Unwary consumers are constantly bombarded by offers for one thing or another. High on the list are coins, and unscrupulous salespeople ply their trade through telemarketing, newspaper and magazine ads and direct sales.
I was reminded of the practice of offering overpriced coins in a slick package by a reader, R.G.W. of Fallbrook. The reader forwarded to me an eye-catching, four-page brochure he had received in the mail from an official-sounding company. It blared: "Special public release! To be offered to U.S. citizens only. Announcing the public sale of original U.S. govt.-minted brilliant uncirculated 'O-marked' Morgan silver dollars. Only silver dollars of their kind ever minted in U.S. history."
Well, who could resist such an offer?
The kicker, as R.G.W points out, is that they're charging $95 each for these 1883-O, 1884-O and 1885-O coins.
"Would you dare tell your public what one could buy these dates for at a dealer?" R.G.W. asks.
And that's the point of this article. Most of the offerings you get through solicitations are greatly overpriced. In this instance, coins being offered for $95 can probably be bought from a dealer for about $25.
As the ad says: "Price can only be guaranteed for the life of this offer! Supply guaranteed only for as long as they last."
So, buyer beware. And be smart. Read the fine print, and if you don't understand it, check it out.
Q: I realize your column is mostly devoted to coins, but I would appreciate it if you could provide me with some related information. When did the United States replace the very large paper bills with smaller currency bills? Do the large bills have any value today beyond their face value? --E.H.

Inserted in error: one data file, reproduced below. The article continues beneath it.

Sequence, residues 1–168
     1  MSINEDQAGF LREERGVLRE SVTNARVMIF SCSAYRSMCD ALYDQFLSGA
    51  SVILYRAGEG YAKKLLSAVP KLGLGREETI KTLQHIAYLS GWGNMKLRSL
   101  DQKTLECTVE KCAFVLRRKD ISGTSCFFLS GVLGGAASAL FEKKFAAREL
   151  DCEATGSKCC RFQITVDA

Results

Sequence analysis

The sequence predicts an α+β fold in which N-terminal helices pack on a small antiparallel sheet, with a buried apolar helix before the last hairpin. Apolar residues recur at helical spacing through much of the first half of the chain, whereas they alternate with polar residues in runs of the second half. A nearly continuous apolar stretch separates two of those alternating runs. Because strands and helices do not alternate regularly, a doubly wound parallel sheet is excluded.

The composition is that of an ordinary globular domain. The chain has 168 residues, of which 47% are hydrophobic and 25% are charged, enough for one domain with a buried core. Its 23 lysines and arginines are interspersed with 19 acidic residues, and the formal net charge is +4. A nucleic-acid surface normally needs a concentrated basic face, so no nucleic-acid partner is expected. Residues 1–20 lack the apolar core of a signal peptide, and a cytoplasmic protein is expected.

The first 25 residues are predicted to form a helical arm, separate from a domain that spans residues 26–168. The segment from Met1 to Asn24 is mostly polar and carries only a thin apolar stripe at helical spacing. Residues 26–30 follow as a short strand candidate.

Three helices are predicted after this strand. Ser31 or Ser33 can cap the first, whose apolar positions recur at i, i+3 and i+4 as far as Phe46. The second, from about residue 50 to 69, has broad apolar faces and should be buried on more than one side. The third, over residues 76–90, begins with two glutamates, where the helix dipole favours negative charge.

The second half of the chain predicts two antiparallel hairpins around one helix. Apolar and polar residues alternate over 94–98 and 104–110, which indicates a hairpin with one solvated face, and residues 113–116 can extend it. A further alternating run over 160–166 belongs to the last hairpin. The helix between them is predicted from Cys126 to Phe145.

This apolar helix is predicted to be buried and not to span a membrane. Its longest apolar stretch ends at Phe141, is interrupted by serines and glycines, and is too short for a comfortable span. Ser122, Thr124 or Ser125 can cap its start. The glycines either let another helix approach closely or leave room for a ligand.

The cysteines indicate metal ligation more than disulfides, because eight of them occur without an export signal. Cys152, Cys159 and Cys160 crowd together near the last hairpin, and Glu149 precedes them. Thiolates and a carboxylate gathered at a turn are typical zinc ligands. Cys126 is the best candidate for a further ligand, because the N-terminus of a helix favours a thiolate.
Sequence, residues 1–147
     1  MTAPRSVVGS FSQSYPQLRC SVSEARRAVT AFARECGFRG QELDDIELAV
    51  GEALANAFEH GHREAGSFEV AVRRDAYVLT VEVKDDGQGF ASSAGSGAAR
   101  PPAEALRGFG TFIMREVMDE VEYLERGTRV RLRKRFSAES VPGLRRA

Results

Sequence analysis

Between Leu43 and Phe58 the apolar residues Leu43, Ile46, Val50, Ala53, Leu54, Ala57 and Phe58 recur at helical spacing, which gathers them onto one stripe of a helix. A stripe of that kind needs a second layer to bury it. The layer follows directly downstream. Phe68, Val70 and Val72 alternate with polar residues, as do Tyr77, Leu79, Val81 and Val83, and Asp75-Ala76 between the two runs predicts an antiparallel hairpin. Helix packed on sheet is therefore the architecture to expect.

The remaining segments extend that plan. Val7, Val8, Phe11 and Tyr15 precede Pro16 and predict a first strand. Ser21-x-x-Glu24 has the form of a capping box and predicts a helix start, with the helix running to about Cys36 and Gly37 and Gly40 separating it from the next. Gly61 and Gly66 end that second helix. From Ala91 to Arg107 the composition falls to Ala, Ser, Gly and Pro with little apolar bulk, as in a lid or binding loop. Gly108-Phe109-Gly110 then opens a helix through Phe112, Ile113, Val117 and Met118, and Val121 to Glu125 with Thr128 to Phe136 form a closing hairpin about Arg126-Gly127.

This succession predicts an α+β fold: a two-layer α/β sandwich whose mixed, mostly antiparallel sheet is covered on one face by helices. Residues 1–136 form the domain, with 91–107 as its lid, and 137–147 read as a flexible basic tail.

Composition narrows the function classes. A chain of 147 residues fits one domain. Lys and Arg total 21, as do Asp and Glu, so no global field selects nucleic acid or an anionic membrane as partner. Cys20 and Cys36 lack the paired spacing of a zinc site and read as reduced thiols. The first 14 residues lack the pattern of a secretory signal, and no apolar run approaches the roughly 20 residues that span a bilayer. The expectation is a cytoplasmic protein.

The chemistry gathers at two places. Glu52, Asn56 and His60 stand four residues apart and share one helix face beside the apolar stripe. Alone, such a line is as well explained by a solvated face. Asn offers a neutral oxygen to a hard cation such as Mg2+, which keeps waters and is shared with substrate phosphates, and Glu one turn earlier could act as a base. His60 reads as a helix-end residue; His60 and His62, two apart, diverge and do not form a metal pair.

A: The larger bills were replaced in 1928. They are highly collectible and many have considerable value. As with coins, condition is a factor.
Q: I am looking for the address of Numismatic News. If you have this information, I would appreciate your providing it for me. --B.S.
A: Numismatic News can be reached at 70 E. State St., Iola, Wis. 54990. Subscriptions are $12.95 for six months, $24.95 for a year.
Q: I have four silver dollars dated 1897, 1921, 1923 and 1974. I was told one had more than $1 value. Which one is it? --B.L.
A: Actually, three of your coins are silver and the other is copper-nickel. That one is the 1974 Eisenhower dollar, which is worth only face value. Your other dollars are indeed silver and worth $6 to $8 each and up, depending upon condition.
Before you know it, the 1992 Olympics will be here. The first of undoubtedly many numismatic items connected with these summer games from Barcelona, Spain, has just arrived. It's a medal (pictured) issued by the Olympic Committee of Spain, available in bronze ($29.50) and bronze silver ($36), plus $2 for handling, from the U.S. distributors, Medacoin International, P.O. Box 81656, Las Vegas, Nev., 89180; telephone (702) 871-8927.